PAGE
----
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Citation. McKinney, F. 1985. Primary and secondary male reproductive strategies of dabbing ducks. Pages 68-82 in P. A. Gowaty and D. W. Mock, editors. Avian Monogamy. Ornithological Monographs, vol. 37. [1413 CC]
Abstract. Monogamy is the primary mating system in dabbling ducks. Paired males contribute to their mate's breeding effort by (a) protecting the female from predators and disturbance by rival males while she feeds intensively during the period of egg production (probably all Anas species), (b) defending a territory within which the female feeds (several species), (c) helping to care for the ducklings (certain southern hemisphere species). Paired males also engage in forced extra-pair copulations (recorded in 21 of 37 Anas species to date) and in some species these may be important secondary reproductive strategies. Polygamy does not occur in holarctic species, probably because each male is unable to monopolize more than one female in synchronously breeding populations with male-biased adult sex-ratios, but bigamous behavior has been observed in captives Or three southern hemisphere species (Cape Teal, A. capensis; Speckled Teal, A. flavirostris; White-cheeked Pintail, A. bahamensis). Opportunities for males to hold two mates simultaneously may occur in wild populations of such species because extended and/or irregular breeding seasons are likely to produce asynchrony in the breeding and molt schedules of individuals.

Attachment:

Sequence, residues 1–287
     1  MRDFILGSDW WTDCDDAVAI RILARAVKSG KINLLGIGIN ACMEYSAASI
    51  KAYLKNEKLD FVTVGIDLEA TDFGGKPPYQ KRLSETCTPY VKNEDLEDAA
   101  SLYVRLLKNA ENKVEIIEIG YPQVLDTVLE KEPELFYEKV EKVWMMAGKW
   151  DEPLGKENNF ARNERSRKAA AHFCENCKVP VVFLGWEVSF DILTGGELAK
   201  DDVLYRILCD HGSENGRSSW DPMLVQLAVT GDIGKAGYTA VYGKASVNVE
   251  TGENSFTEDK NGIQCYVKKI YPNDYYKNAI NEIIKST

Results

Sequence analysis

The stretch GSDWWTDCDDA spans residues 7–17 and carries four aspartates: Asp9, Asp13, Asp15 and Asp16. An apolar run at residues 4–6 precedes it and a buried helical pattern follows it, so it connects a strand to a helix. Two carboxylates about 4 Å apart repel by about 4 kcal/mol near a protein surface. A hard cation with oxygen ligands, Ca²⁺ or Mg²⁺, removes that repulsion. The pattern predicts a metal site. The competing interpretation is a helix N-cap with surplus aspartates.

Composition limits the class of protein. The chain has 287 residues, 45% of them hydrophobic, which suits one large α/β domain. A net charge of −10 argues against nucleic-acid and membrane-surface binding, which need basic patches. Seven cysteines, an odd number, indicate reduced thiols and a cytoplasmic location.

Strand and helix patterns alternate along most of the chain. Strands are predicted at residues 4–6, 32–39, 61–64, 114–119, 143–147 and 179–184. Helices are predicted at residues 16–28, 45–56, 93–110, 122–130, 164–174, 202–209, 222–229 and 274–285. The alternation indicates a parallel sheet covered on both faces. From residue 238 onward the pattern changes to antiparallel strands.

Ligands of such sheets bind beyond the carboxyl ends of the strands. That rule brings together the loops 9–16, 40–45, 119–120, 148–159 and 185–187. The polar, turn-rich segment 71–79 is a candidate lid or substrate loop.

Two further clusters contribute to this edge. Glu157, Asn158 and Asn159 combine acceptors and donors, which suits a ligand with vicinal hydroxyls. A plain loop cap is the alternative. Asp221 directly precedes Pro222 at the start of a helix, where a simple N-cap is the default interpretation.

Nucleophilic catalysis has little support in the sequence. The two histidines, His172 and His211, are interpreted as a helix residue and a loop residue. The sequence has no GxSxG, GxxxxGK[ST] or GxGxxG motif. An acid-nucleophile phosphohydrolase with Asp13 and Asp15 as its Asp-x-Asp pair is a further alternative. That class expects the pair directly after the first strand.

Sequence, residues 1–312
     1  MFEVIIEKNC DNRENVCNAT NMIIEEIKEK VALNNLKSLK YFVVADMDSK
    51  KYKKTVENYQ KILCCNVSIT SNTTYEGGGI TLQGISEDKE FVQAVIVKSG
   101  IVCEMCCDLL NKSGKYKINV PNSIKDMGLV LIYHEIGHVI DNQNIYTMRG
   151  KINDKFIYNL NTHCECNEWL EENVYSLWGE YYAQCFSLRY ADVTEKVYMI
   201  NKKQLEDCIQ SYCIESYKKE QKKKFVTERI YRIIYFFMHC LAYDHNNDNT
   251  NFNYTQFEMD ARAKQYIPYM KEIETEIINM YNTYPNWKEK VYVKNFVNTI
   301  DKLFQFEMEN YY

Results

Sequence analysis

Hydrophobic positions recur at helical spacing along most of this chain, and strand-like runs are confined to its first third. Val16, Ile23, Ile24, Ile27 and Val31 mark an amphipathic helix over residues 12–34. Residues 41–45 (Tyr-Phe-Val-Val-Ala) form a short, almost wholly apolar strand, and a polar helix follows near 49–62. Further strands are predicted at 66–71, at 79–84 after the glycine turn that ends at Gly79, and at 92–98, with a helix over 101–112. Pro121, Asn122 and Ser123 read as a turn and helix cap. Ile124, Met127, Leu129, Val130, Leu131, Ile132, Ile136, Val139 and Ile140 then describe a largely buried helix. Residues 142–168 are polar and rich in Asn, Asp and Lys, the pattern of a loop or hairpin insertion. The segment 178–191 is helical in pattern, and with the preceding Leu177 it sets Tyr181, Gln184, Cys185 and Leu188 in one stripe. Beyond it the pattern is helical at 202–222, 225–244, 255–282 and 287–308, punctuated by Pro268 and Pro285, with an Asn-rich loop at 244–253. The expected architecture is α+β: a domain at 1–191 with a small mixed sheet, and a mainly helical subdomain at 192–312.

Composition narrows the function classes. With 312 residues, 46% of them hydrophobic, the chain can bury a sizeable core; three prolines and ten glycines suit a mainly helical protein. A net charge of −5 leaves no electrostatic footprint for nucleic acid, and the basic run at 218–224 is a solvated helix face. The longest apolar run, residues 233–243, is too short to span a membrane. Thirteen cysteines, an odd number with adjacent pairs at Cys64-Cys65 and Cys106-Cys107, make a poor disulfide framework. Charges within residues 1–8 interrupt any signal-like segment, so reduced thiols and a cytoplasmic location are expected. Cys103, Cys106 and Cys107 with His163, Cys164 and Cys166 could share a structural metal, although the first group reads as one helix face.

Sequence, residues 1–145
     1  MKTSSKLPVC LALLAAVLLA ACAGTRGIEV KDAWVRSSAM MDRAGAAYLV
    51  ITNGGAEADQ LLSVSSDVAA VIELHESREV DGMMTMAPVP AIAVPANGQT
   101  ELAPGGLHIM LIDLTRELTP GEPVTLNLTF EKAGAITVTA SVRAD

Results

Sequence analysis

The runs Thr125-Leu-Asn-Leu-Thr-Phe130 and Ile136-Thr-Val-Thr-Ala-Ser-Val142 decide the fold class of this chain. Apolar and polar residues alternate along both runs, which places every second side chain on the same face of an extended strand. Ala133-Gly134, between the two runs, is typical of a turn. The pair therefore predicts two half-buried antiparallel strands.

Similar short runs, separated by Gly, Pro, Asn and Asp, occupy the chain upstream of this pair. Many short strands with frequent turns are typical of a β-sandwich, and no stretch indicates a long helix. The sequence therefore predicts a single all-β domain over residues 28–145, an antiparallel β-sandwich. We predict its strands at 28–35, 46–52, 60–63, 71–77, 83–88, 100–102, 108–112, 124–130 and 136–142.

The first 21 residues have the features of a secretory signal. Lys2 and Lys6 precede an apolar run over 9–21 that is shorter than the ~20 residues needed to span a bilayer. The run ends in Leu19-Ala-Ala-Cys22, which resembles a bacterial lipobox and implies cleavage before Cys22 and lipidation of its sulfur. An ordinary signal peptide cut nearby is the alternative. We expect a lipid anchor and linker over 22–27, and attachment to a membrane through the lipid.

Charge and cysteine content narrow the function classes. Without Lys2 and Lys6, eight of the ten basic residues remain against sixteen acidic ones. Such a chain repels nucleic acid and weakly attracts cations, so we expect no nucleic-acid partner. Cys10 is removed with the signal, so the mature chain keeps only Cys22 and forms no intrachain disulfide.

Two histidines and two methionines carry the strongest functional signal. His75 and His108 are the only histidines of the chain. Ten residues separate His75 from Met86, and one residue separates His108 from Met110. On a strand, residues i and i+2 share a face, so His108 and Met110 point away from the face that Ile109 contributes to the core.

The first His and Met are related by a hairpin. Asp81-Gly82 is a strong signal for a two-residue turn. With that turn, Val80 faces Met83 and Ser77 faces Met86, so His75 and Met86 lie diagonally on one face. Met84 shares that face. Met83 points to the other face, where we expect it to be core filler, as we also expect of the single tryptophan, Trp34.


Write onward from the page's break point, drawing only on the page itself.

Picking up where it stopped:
Keywords. dabbling ducks, monogamy